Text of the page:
Luther H. Martin cites research that suggests that U.S. military agencies shaped the agenda of university research in the social sciences, primarily through funding certain sorts of projects. With respect to the study of religion specifically, Martin suggests that religious studies benefited from, and was shaped by, an increasing emphasis on area studies, shaped by Cold War policies. Martin admits, however, that effects on religious studies, if any, were of a very general nature: "I know of no instance where the academic study of religion in American public universities was overtly exploited or directly funded by government agencies in opposition to … an ‘atheistic communism' or in support of Cold War strategies" (215). Donald Wiebe extends this note of skepticism. He notes that only two works have asserted that the Cold War supported the institutional growth of the study of religion (Neusner and Neusner 1995; McCutcheon 1997), and he concludes that there is "no evidence that any direct support" (280). McCutcheon (2004) has recently responded by arguing that government and private funding in the U.S., explicitly shaped by Cold War values, did, in fact, have some impact in establishing the study of religion; further work would be needed to explore the issue more thoroughly.
Ideology and the study of religion. In many senses the most important issue that this book raises is the extent to which—and the mechanisms by which—the study of religion is shaped by ideology in general. Pye notes that a "scientific study of religion which is not itself religious," that is "a serious tradition in the study of religions," (314, 323) was present during the Cold War in Poland and the Soviet Union. He suggests that western scholars have largely ignored this work, due to ideological presuppositions that it was necessarily biased. He argues that this ideological blindness continues: "Now that the Cold War is supposedly finished, political correctness makes a new demand, namely that the ‘victory' of the western world over ‘communism' be indefinitely celebrated" (327). Ironically, Pye notes, work conducted during the Cold War may have been less "religiously or theologically oriented" (326) than work conducted since 1989: "the Marxist ideological perspective to which deference was previously paid, at least formally seems to have been replaced by the view, even in non-theological schools, that religion is probably, in general, ‘ a good thing'" (326-327).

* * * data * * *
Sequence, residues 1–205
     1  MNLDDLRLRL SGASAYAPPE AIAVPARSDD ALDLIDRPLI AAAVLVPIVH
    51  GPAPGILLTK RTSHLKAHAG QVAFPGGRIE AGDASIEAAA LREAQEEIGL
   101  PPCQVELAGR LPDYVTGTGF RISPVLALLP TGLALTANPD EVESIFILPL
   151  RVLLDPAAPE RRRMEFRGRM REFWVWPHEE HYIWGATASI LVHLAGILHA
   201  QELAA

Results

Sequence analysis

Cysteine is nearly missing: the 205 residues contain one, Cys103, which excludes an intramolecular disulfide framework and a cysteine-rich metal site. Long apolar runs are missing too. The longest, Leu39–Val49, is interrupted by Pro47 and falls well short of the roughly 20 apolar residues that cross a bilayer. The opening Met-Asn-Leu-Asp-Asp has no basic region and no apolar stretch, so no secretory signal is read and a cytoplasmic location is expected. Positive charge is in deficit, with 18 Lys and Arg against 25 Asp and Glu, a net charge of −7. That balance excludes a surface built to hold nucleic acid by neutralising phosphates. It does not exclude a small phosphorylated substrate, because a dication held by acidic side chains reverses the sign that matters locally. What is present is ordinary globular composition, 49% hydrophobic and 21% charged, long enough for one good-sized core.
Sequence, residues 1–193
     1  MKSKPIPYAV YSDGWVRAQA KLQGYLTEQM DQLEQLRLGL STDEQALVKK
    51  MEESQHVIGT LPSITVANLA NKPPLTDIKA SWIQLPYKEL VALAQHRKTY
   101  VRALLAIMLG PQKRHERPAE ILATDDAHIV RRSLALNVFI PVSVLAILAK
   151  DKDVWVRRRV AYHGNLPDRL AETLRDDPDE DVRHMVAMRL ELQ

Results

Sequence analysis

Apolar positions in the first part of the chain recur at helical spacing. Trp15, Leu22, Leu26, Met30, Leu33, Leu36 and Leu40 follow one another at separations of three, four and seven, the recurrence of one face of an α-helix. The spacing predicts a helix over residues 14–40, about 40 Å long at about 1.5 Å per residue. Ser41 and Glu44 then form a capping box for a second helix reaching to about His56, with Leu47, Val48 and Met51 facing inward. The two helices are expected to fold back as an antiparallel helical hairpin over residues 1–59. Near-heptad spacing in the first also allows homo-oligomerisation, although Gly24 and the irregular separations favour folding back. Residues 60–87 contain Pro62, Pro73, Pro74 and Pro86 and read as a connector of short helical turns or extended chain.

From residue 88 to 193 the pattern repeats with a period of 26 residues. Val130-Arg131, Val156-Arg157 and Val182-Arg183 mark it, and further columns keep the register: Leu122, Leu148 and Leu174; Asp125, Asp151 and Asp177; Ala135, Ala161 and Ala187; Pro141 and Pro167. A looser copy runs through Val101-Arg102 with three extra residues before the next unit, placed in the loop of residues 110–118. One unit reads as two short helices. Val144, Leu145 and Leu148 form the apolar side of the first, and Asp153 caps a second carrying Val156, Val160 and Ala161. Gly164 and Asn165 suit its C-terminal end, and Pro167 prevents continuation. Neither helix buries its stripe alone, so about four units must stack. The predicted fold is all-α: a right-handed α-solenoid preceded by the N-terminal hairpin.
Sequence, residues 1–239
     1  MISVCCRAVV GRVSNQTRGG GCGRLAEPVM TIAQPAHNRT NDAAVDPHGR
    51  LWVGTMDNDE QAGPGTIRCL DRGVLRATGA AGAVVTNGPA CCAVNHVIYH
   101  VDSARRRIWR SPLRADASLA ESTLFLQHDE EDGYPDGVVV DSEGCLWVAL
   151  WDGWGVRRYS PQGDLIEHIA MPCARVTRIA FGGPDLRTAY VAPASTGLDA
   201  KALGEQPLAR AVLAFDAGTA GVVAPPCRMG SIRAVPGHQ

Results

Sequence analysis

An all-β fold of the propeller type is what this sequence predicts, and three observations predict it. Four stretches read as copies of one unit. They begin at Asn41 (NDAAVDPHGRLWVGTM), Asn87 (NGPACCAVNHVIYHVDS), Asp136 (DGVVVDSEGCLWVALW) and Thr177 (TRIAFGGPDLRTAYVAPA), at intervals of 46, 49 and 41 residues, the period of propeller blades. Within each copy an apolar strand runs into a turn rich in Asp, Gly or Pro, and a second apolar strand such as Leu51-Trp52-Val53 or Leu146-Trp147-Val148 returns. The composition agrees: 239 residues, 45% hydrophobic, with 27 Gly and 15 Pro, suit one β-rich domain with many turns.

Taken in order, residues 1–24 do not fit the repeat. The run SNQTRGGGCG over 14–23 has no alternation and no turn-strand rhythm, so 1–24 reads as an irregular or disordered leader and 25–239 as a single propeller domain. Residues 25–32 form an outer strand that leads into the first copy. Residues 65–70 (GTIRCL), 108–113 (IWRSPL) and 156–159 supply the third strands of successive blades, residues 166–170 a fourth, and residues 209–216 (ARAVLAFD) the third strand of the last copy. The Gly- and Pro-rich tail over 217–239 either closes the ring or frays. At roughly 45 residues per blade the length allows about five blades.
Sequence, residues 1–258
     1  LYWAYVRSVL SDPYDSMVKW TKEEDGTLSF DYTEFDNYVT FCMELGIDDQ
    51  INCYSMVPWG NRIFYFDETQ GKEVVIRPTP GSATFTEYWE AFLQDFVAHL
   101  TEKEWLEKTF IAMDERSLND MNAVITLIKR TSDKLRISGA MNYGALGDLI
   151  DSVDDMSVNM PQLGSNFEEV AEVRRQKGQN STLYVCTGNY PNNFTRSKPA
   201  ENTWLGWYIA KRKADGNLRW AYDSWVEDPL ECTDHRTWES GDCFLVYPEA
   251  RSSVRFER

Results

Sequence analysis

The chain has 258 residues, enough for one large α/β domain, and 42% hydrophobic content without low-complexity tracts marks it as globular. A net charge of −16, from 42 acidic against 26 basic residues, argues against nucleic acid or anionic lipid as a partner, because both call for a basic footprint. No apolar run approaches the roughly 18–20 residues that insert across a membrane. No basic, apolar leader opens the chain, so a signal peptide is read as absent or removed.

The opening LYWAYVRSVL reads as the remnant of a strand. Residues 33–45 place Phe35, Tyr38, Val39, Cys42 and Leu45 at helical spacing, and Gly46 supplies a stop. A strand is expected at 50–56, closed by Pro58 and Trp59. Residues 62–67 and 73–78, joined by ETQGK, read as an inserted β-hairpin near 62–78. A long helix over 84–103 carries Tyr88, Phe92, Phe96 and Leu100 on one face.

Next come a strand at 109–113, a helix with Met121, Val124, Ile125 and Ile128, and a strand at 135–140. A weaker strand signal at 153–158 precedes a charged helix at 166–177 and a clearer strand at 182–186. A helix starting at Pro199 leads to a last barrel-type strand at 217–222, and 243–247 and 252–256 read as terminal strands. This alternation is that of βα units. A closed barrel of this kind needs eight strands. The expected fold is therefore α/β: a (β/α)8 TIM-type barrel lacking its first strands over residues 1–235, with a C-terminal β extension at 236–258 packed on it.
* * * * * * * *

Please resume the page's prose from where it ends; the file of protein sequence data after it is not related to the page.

Pye's paper raises valuable questions about how scholars of religion in different regions evaluate each others work, given the increasingly global nature of the study of religion. Papoušek insists that a proper evaluation of the work of scholars working under communist regimes is "the methodologically delicate separation of their official ideological positions from a potentially sound academic study" (126). But Cold War ideology is only one example of ideologies influencing the study of religion. Scholars like Wiebe (1999) and McCutcheon (1997) would argue that the academic study of religion in the west has an "official ideological position" (sui generis views of the sacred), which must also be teased out from "sound academic study."
This raises the possibility of another dimension of interaction between these political developments of the mid-twentieth century and the study of religion, not positive but negative. Wiebe thinks it likely that the Cold War bolstered the teaching of religion but hindered teaching about religion. The public climate of opinion during this period in the U.S. fostered "an extension of the civic religion fostered and sustained by the wars, hot and cold which … was essentially that of the liberal, mainline Protestant churches" (279). As a result, "The Cold War provided support for continuing the traditional role of religion in the college and university curriculum and in doing so may have delayed the emergence and development of a genuinely scientific study of religion…" (280; original emphasis). Waardenburg takes a similar stance on this point (301-304). Martin similarly argues that this development reflect not the specific context of the Cold war, but a broader puritanical tendency in American culture (219-220).
In sum, this book stands out for its unique contributions to understanding both the study of religion as a global endeavour and ideological impacts on the field more generally. Given that the book is neither well focused nor of consistently high quality, it would not make a useful text for the classroom, though several chapters would be of great value for graduate students. Libraries and scholars with an interest in the history of the Humanities and Social Sciences, especially the study of religion, and theorists of religion will find the book well worth having on their shelves.
NUESNER, Jacob and Noam M. M. Nuesner, The Price of Excellence: Universities in Conflict during the Cold War, New York, Continuum, 1995.
MCCUTCHEON, Russell T., Manufacturing Religion: The Discourse of Sui Generis Religion and the Politics of Nostalgia, Oxford and New York, Oxford University Press, 1997.
MCCUTCHEON, Russell T., "'Just Follow the Money': The Cold War, The Humanistic Study of Religion, and the Fallacy of Insufficient Cynicism," Culture and Religion 5, 41-69, 2004. http://www.as.ua.edu/naasr/mccutchcoldwaressay.pdf Last accessed: August 17, 2005.